Another central character who quickly emerged in the saga was her daughter, YouTuber and lifestyle influencer Olivia Jade. Loughlin and her husband, fashion designer Mossimo Giannulli, were accused of paying $500,000 to get Olivia Jade and her older sister, Isabella, into the University of Southern California designated as crew team recruits — even though neither of them rowed crew. Loughlin and Giannulli pleaded guilty to conspiracy charges and recently started serving their two- and five-month prison sentences, respectively.
Olivia Jade, in particular, came under fire as a high-profile YouTube personality who had already received backlash the previous year for saying she was more into “game days” and “partying” than her college classes. After the admissions scandal broke, she lost sponsors and endorsement deals, dropped out of school and mostly disappeared from public view.
On Tuesday, she decided to break her silence and kick off her inevitable redemption tour with an interview on Facebook Watch’s “Red Table Talk,” the hit talk show known for difficult conversations and hosted by Jada Pinkett Smith; her mother, Adrienne Banfield-Norris; and her daughter, Willow Smith.
Here are the five takeaways from the 30-minute interview with Olivia Jade, which can be seen in full here.
1) Olivia Jade asked to be on “Red Table Talk,” but the hosts almost said no.
Before Olivia Jade came to the table, the hosts had a candid conversation about the fact that she was there in the first place. They revealed she had reached out to the show, and Banfield-Norris admitted she fought “tooth and nail” against Olivia Jade being a guest.
“I just found it really ironic that she chose three Black women to reach out to for her redemption story. I feel like here we are, a White woman coming to Black women for support when we don’t get the same from them. It’s bothersome to me on so many levels,” Banfield-Norris said. “Her being here is the epitome of White privilege to me.”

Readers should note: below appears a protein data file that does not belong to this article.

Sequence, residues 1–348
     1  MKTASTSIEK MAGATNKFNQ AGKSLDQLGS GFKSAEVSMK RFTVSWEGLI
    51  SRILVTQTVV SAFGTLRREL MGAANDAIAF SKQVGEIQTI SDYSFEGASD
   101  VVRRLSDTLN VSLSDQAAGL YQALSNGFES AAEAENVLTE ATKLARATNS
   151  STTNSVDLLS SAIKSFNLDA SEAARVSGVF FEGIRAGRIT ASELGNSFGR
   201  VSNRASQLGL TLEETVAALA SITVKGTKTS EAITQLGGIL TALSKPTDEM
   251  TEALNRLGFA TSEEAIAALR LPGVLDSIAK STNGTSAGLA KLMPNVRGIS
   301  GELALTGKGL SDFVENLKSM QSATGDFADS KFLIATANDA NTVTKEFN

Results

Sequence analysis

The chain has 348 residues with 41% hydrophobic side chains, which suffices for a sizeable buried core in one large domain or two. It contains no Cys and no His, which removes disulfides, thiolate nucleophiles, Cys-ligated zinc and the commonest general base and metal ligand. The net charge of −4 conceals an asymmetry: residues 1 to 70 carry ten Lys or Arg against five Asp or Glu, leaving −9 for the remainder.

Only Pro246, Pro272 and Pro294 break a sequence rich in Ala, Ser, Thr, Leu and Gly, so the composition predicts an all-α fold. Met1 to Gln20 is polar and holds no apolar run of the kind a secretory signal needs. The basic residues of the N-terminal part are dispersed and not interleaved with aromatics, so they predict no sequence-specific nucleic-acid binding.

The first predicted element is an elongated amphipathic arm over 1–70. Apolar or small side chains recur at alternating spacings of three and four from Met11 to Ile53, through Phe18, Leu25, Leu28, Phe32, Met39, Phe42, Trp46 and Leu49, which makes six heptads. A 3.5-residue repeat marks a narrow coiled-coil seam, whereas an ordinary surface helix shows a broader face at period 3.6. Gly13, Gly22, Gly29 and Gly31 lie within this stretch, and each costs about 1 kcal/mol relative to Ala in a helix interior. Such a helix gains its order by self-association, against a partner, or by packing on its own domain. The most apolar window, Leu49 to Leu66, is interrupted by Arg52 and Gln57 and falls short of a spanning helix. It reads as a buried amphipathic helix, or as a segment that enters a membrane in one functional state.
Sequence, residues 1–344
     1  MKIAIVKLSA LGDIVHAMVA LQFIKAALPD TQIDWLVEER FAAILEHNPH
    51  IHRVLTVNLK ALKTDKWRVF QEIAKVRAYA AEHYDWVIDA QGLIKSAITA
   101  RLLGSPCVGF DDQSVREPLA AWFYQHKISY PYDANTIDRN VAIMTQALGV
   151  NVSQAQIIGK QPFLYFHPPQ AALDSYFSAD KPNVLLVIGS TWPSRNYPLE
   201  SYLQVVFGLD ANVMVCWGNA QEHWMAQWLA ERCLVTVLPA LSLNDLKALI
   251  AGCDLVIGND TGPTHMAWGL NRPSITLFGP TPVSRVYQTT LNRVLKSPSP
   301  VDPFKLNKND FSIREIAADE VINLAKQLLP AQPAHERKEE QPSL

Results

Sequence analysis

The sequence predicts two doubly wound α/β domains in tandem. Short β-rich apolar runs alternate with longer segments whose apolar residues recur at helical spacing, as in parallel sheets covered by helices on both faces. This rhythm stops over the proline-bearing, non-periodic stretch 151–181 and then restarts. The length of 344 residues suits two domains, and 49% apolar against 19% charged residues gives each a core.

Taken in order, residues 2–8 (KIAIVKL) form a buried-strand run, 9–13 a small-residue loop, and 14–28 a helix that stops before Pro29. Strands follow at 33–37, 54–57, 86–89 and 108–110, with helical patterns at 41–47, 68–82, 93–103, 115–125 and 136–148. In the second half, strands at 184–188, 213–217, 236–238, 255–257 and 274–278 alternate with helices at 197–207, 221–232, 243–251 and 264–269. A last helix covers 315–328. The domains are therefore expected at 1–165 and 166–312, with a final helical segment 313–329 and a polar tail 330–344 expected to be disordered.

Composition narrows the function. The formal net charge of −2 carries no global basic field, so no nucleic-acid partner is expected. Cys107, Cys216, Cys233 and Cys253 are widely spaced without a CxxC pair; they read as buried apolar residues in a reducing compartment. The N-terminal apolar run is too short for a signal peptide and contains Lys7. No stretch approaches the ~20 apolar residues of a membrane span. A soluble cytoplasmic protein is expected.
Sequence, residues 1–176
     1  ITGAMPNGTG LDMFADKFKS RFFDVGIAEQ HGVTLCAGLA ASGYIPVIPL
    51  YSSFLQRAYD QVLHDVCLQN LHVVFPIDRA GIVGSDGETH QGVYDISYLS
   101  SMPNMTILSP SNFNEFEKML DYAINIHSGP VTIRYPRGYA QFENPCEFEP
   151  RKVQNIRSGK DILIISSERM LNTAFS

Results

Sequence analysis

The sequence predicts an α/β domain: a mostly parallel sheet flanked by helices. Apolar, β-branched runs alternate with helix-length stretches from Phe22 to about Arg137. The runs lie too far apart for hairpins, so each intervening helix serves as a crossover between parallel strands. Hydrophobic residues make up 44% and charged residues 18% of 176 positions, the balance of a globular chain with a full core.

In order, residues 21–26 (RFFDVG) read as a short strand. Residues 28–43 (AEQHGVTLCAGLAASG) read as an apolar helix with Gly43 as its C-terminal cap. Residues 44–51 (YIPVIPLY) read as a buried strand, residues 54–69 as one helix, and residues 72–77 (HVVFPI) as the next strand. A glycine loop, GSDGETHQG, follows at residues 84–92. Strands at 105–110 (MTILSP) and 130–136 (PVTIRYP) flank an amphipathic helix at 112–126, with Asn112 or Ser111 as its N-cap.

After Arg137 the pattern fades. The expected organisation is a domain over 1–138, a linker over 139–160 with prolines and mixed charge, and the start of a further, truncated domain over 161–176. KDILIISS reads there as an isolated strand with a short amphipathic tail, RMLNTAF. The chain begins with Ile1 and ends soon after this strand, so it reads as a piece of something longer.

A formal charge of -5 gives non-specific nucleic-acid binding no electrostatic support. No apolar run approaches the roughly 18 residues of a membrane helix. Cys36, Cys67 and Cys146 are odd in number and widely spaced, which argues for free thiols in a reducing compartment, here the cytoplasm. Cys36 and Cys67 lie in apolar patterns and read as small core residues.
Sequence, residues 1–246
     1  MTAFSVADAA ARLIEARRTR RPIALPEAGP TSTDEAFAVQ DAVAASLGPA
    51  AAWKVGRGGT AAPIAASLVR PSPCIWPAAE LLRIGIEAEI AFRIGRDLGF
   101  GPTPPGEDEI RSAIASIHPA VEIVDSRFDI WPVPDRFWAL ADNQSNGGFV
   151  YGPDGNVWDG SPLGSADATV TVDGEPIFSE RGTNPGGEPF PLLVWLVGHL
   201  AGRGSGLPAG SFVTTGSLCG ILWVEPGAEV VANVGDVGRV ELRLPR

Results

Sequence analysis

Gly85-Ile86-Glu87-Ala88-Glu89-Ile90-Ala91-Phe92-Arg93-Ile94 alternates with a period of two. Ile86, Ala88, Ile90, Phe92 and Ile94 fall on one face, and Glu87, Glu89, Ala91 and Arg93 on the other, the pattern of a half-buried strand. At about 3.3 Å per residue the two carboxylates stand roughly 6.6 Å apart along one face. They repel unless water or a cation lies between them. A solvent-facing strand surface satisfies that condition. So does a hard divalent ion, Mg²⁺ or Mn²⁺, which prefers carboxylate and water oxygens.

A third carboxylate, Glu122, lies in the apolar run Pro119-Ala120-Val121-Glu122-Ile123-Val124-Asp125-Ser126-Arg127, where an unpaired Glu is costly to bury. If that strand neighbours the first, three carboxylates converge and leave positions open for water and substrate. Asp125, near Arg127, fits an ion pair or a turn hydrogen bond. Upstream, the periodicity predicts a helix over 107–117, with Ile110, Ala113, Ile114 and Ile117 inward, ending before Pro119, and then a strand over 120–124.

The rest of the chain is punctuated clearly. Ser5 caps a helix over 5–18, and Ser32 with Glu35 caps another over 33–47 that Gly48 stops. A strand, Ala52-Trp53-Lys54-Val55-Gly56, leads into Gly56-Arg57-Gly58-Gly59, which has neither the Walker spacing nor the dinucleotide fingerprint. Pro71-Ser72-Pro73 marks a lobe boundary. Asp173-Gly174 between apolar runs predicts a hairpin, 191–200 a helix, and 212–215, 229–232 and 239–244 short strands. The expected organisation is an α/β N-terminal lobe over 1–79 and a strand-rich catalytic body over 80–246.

Pinkett Smith said she understood and that plenty of people would agree with her mother. While she fully expected to “get heat” for airing the interview, she viewed sitting down with Olivia Jade as a “practice of compassion” for a daughter reaping the consequences of her parents’ actions. And given that Pinkett Smith herself had faced so many stereotypes as a Black woman, she said, she didn’t want to make assumptions about Olivia Jade just because she was White, young and privileged. “I never want to be the thing that was done to me by White women,” Pinkett Smith said.
2) She knows her family did something very wrong, but feels she deserves a second chance.
As Olivia Jade arrived, she confessed she was nervous but also excited to finally share her perspective on the situation; until now, she was barred from speaking because of her parents’ legal situation. “I never got to say I’m really sorry that this happened, or I really own that this was a big mess-up on everybody’s part,” she said. She wanted to go on “Red Table Talk” because she likes the show and thought it could be a place to have an open conversation but not feel “attacked.”
After acknowledging it was very difficult to see her parents go to prison, Olivia Jade segued into one of her main talking points for the interview: She is aware that her family did something very wrong.
“I think what hasn’t been super-public is that there is no justifying or excusing what happened, because what happened was wrong. And I think every single person in my family can be like, that was messed up, that was a big mistake,” she said. “But I think what’s important to me is to learn from the mistake, not to now be shamed and punished and never given a second chance. 'Cause I’m 21, I feel like I deserve a second chance to redeem myself, to show I’ve grown.”
“I’m not trying to victimize myself,” she added. “I don’t want pity, I don’t deserve pity.”
3) She’s “embarrassed and ashamed” about the whole situation.
Olivia Jade found out about her parents’ arrest while she was on spring break with her friends. Someone called and asked if she had talked to her mom, who was filming a movie in Vancouver. She had not, but she Googled Loughlin’s name and immediately saw the stories about the indictment.